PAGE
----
PID (Proportional Integral Differential) feedback control is the accepted control method in flour milling at present. This type of controller employed in flour mills today is used for operations such as water-addition to wheat and micro-ingredient addition to flour. This form of control is not suitable for whole-process optimization; advanced control techniques must be considered for this objective.


Highly integrated processes with many interacting elements, such as the flour mill process, cannot be satisfactorily controlled by basic control systems. Advanced control techniques offer the process operator the tools necessary to control processes accurately using historical and real time process performance information. Improving control improves product consistency and saves energy by ensuring key process variables are more stable. Processes may also be operated closer to optimum values or constraints.

Advanced control techniques principally consist of a computer program and a number of sensors measuring process properties. It is also necessary to have some form of DCS or SCADA/PLC system in place to enact the decisions reached by the advanced control system in terms of the optimal solution to the current set of process conditions and requirements.


Optimization refers to the achievement of optimal conditions within processes, in terms of process and economic performance. Advanced control systems allow optimization to be carried out on an ongoing basis, thereby maximizing process performance. Optimization represents a major opportunity to reduce energy costs and improve quality. For instance, algorithms enacted by computers can identify the most advantageous operating conditions, select the best combinations and loadings for plants, and even determine the best production schedules to meet requirements and minimize costs.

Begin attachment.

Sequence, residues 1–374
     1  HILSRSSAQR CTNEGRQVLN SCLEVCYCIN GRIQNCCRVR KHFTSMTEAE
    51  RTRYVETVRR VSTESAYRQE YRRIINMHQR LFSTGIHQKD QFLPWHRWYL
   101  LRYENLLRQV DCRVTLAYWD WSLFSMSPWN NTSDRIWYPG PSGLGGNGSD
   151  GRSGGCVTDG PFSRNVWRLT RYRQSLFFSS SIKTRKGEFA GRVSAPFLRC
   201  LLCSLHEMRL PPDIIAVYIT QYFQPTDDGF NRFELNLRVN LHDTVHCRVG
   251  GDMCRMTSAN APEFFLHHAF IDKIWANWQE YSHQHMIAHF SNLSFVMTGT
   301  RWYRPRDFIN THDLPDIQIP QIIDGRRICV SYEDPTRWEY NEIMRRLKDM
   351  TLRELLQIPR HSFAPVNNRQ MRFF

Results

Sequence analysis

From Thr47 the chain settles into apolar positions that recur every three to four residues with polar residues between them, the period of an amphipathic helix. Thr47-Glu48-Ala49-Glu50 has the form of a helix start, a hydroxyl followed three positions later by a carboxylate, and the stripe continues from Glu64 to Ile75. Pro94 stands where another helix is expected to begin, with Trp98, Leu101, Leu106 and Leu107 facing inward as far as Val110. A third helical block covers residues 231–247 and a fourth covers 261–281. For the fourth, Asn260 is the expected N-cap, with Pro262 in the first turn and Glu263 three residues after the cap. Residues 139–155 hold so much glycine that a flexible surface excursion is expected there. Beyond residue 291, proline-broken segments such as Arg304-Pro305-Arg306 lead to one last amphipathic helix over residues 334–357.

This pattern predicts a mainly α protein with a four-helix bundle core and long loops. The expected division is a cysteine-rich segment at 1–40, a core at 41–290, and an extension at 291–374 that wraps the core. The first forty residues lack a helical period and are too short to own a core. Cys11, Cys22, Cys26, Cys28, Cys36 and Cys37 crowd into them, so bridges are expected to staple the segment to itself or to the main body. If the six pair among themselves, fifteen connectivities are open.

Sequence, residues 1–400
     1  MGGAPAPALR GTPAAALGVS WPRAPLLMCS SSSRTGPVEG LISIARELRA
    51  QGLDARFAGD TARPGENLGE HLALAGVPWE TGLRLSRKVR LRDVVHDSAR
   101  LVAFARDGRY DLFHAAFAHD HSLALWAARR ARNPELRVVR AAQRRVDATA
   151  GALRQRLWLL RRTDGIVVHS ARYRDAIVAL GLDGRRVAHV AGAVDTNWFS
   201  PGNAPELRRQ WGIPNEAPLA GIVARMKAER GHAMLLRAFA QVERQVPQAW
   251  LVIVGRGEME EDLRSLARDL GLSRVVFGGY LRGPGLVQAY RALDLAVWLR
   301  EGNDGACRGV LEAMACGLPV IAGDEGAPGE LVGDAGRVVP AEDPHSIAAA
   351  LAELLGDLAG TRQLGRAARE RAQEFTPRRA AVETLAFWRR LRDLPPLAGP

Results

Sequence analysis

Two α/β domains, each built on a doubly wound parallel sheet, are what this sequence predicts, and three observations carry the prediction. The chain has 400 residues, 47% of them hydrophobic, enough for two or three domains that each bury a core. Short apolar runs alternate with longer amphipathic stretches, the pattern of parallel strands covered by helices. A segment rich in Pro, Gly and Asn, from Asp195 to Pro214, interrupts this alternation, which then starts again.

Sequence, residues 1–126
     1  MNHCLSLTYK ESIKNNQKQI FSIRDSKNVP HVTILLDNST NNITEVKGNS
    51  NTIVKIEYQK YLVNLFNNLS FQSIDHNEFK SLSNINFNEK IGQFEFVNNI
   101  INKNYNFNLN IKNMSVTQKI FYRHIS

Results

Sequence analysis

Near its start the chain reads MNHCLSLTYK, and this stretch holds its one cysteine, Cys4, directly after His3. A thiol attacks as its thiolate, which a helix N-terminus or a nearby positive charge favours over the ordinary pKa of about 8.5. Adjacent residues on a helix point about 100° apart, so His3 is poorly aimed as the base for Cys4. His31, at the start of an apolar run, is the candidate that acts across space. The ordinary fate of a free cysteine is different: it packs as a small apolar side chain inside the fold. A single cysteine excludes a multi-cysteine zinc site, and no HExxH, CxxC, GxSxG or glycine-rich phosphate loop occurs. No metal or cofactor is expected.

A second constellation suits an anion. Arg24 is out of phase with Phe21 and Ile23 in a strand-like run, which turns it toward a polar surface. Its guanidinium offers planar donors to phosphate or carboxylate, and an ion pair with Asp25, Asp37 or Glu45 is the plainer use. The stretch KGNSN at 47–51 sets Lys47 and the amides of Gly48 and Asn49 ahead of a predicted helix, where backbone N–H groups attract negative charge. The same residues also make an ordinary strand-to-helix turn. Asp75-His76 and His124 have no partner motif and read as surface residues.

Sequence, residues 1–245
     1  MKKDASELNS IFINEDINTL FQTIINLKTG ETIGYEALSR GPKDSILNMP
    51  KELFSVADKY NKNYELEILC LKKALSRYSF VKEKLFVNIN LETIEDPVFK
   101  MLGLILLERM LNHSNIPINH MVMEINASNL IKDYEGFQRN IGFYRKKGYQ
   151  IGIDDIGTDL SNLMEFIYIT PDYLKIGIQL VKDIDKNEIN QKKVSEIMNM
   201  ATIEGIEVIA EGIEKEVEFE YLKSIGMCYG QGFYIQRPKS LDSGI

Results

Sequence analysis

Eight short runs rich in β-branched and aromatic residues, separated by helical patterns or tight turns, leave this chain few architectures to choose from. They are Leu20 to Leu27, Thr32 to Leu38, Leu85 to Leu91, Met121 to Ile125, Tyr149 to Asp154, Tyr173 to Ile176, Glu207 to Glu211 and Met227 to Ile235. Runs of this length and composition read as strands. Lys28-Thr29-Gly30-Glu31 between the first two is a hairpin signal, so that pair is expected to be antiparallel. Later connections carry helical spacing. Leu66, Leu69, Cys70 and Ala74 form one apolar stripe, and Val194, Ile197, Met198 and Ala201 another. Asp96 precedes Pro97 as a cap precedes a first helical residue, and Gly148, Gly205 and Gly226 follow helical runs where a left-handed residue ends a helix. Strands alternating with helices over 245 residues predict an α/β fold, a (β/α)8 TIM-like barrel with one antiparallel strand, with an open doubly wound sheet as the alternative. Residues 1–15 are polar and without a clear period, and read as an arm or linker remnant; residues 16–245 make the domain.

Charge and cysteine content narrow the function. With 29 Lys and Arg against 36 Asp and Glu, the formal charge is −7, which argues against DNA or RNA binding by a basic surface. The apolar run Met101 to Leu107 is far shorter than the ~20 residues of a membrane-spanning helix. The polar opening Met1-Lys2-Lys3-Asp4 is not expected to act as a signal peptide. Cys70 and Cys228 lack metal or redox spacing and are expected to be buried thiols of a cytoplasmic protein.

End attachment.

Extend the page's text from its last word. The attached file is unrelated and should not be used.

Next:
Ideally, optimization should start with the design of the process. This involves looking at the process flow for the specified products and throughputs required. Once hardware is in place, little can be done about the process flow. Therefore, it is important that a logical and informed approach is taken to flow sheet design. Process design is dominated by considerations based on experience, then followed by engineering design considerations. This is a typical food industry approach.

Advanced control techniques require a variety of steady state and dynamic models. These have to be developed for individual unit operations and overall plant performance. Mathematical techniques are then employed to find inputs to the models that satisfy operational objectives while meeting other constraints. These models have to be incorporated into computer packages that are user-friendly enough to be useful to process engineers.

The utilization of high-performance computer systems for automation allows the application of advanced control techniques to overcome existing dynamic limitations in processes, particularly if older mechanical equipment is utilized.

Case studies have demonstrated that steady state optimization modelling provides the basis to increase plant throughput up to 15%. Subsequent dynamic optimization minimizes the effort required for control system design through off-line evaluations and potentially provides a further 10% gain.

To conclude, optimization of flour milling operations to date has been simplistic and focused on macro models of the process. Attempts at modeling the operations performed in flour milling processes are currently being carried out by some milling engineers and in academic establishments, such as the Satake Centre for Grain Process Engineering in the U.K.

This approach to process development is still in its infancy and its general application is some way off yet. However, the technology exists and the need exists for further efficiency improvements. Therefore, it is inevitable that advanced control techniques along with other infant technologies will make their way into commercial milling operations.